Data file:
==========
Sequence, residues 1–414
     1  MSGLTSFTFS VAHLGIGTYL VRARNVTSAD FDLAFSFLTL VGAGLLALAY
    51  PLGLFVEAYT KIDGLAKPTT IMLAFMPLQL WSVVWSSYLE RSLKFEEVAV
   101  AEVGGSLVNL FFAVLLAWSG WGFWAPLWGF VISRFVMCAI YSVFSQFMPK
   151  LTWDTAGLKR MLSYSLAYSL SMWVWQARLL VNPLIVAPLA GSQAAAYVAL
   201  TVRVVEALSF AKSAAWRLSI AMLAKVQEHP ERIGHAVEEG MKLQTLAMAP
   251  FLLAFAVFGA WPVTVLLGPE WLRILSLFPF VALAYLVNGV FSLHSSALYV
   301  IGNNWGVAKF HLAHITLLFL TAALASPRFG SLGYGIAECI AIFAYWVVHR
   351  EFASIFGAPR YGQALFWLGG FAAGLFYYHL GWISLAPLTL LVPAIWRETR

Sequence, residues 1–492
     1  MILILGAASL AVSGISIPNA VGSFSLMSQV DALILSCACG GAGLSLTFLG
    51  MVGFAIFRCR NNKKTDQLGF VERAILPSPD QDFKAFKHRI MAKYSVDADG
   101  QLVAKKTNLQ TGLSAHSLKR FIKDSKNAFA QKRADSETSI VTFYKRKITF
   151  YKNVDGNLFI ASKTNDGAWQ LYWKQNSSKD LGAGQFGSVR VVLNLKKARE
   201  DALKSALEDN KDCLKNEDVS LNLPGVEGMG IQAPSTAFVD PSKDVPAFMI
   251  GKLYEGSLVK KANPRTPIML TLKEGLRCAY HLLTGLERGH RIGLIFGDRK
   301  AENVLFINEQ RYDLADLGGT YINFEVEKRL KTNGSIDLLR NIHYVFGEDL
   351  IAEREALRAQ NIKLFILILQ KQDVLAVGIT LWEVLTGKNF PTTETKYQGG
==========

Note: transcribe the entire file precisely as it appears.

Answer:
Sequence, residues 1–414
     1  MSGLTSFTFS VAHLGIGTYL VRARNVTSAD FDLAFSFLTL VGAGLLALAY
    51  PLGLFVEAYT KIDGLAKPTT IMLAFMPLQL WSVVWSSYLE RSLKFEEVAV
   101  AEVGGSLVNL FFAVLLAWSG WGFWAPLWGF VISRFVMCAI YSVFSQFMPK
   151  LTWDTAGLKR MLSYSLAYSL SMWVWQARLL VNPLIVAPLA GSQAAAYVAL
   201  TVRVVEALSF AKSAAWRLSI AMLAKVQEHP ERIGHAVEEG MKLQTLAMAP
   251  FLLAFAVFGA WPVTVLLGPE WLRILSLFPF VALAYLVNGV FSLHSSALYV
   301  IGNNWGVAKF HLAHITLLFL TAALASPRFG SLGYGIAECI AIFAYWVVHR
   351  EFASIFGAPR YGQALFWLGG FAAGLFYYHL GWISLAPLTL LVPAIWRETR

Sequence, residues 1–492
     1  MILILGAASL AVSGISIPNA VGSFSLMSQV DALILSCACG GAGLSLTFLG
    51  MVGFAIFRCR NNKKTDQLGF VERAILPSPD QDFKAFKHRI MAKYSVDADG
   101  QLVAKKTNLQ TGLSAHSLKR FIKDSKNAFA QKRADSETSI VTFYKRKITF
   151  YKNVDGNLFI ASKTNDGAWQ LYWKQNSSKD LGAGQFGSVR VVLNLKKARE
   201  DALKSALEDN KDCLKNEDVS LNLPGVEGMG IQAPSTAFVD PSKDVPAFMI
   251  GKLYEGSLVK KANPRTPIML TLKEGLRCAY HLLTGLERGH RIGLIFGDRK
   301  AENVLFINEQ RYDLADLGGT YINFEVEKRL KTNGSIDLLR NIHYVFGEDL
   351  IAEREALRAQ NIKLFILILQ KQDVLAVGIT LWEVLTGKNF PTTETKYQGG